When on their hooves, calves poked and yanked at their mother’s udder. Looked awful painful to me. Uh-huh, I recalled, it could be.
The herd meandered in steadfast companionship with their voyeur in Anam Cara’s second story window. I’d pause, amused, and think of my mother’s affection for her family’s milk cows. With a glimmer in her eye she’d say, “My brothers drank two pitchers full every supper.”
Mom never milked cows. The eldest of her siblings, my granny assigned Mom to the cook stove. She’d laugh and tell the story about walking into the barn before a date and my grandfather would aim and squirt milk in her auburn hair.

Well, dear Reader, I digress.
“There’s nothing wrong with your mind, Iris,” consoled a fellow Friend of Herbs. “That detour is not marked for those driving west.”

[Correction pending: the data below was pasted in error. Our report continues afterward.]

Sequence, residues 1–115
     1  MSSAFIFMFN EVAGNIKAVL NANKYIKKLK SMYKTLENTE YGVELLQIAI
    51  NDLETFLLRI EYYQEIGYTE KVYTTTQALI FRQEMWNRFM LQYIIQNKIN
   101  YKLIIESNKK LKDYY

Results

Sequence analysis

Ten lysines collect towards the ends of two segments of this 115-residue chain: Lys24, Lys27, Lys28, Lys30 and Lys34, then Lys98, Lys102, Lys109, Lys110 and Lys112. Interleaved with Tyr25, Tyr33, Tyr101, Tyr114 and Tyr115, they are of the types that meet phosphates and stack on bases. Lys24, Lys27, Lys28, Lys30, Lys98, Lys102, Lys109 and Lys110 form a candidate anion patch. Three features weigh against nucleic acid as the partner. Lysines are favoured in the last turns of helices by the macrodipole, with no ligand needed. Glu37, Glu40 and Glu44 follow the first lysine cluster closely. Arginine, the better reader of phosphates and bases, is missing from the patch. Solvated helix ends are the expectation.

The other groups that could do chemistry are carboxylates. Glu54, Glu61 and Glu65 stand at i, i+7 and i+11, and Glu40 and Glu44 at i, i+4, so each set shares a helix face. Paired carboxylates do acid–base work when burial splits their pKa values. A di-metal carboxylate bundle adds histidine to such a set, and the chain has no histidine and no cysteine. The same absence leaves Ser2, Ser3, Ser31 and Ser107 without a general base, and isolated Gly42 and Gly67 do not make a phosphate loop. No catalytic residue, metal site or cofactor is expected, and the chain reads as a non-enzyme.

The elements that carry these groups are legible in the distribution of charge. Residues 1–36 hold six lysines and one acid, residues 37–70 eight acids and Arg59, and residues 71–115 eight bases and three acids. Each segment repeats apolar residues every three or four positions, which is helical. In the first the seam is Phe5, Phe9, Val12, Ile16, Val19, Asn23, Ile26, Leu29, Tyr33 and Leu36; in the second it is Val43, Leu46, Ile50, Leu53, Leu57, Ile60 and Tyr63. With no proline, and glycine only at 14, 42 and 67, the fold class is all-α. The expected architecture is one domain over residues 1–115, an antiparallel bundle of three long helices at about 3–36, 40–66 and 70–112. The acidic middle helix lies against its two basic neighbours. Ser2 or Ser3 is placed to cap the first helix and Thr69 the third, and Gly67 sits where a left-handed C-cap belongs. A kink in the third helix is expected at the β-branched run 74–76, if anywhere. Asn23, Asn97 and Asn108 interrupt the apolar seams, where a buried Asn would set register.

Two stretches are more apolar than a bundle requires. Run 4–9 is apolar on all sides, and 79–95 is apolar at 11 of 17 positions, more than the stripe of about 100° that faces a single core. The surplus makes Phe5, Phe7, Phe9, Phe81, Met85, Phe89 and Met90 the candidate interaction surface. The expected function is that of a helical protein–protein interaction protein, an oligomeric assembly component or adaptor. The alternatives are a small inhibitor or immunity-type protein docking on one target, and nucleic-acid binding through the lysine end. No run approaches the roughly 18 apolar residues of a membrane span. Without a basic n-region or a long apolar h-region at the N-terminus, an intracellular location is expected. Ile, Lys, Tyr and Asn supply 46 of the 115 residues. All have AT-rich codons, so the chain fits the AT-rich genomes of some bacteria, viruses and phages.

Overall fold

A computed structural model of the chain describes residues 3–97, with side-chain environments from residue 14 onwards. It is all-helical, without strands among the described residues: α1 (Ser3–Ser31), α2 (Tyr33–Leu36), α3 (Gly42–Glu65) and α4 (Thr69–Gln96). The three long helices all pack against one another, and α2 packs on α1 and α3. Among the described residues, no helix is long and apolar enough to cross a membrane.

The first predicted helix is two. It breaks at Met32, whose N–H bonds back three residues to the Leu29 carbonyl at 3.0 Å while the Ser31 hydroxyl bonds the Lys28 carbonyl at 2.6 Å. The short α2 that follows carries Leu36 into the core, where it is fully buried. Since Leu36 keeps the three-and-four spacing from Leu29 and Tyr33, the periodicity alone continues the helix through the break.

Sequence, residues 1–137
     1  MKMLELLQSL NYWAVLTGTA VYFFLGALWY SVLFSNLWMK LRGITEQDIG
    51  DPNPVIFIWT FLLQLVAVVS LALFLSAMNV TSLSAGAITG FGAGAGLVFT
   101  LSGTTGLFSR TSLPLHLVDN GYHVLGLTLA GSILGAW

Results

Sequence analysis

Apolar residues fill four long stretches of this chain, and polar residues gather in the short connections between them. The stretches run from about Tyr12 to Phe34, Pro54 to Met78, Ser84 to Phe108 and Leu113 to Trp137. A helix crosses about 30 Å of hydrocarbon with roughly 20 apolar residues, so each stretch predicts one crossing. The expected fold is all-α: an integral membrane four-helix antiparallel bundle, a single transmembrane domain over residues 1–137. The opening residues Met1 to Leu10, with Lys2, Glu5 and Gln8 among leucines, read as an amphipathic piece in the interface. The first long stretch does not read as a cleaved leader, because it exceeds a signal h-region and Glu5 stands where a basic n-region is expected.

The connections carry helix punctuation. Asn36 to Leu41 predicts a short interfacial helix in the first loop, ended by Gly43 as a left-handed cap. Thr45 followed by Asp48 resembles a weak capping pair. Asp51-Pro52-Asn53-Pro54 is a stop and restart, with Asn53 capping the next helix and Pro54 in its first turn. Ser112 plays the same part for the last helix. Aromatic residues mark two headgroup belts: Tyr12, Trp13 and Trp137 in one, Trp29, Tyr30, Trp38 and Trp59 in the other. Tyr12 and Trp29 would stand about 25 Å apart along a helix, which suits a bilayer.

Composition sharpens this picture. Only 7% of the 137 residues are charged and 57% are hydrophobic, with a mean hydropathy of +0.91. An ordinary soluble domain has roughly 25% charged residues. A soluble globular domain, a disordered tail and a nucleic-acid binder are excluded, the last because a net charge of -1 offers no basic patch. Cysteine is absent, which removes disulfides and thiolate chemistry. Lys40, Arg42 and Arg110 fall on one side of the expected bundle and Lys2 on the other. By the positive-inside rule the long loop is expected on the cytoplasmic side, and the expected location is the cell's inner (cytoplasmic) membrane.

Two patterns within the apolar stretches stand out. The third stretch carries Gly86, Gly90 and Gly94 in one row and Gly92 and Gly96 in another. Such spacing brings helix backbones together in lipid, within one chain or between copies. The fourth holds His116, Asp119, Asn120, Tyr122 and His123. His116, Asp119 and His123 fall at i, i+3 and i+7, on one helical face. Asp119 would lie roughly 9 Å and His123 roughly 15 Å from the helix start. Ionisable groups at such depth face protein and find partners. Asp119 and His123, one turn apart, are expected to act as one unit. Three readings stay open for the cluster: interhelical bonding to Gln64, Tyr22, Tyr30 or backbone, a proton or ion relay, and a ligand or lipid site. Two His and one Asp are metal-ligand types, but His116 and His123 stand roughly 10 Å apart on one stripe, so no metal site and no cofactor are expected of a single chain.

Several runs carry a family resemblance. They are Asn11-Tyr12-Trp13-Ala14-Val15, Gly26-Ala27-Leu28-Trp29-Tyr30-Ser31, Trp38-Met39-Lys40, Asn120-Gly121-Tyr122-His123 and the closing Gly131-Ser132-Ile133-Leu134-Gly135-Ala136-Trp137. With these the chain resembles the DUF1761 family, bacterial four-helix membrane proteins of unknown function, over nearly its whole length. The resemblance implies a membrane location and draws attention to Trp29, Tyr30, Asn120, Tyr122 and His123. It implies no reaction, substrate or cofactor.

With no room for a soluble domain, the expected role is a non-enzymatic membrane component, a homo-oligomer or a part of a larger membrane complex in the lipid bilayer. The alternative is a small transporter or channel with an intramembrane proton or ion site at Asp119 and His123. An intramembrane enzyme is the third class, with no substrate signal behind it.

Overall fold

“Just take Lake George to Hough to Rochester when you leave,” advised another.
I did, Lake George a breathtaking tunnel in a hundred shades of green—a peaceful drive in horse country.
Then, of a sudden, a stop sign affixed to a sawhorse appeared in the road. I stopped. A rope stretched from the sawhorse to both shoulders to prevent passage.
Of all things, a farmer stood to the left of the road as his milk cows followed one another to the other side. It looked like Ireland, but black and white cows. Holstein-Friesian, I believe.
I found my camera, opened my car door and aimed at the rare sight for me, yet all in a day’s work for the dairy farmer.
In quiet submission, the cattle lumbered along the edge of a cornfield in a parade of bulging udders. The farmer closed the gate, removed the barrier, and waved me on with a smile.
I’ll be driving the Lake George tunnel this October to view a hundred shades of autumn. Perchance I’ll stop for another cow crossing. Adventure at its best.
I wonder what breed was my mother’s beloved milk cow.

Synergy of the Parts


Dear Reader, guess what my husband and I found on the Polly Ann Trail this week? A Little Free Library! “Take a book. Share a book,” is its motto.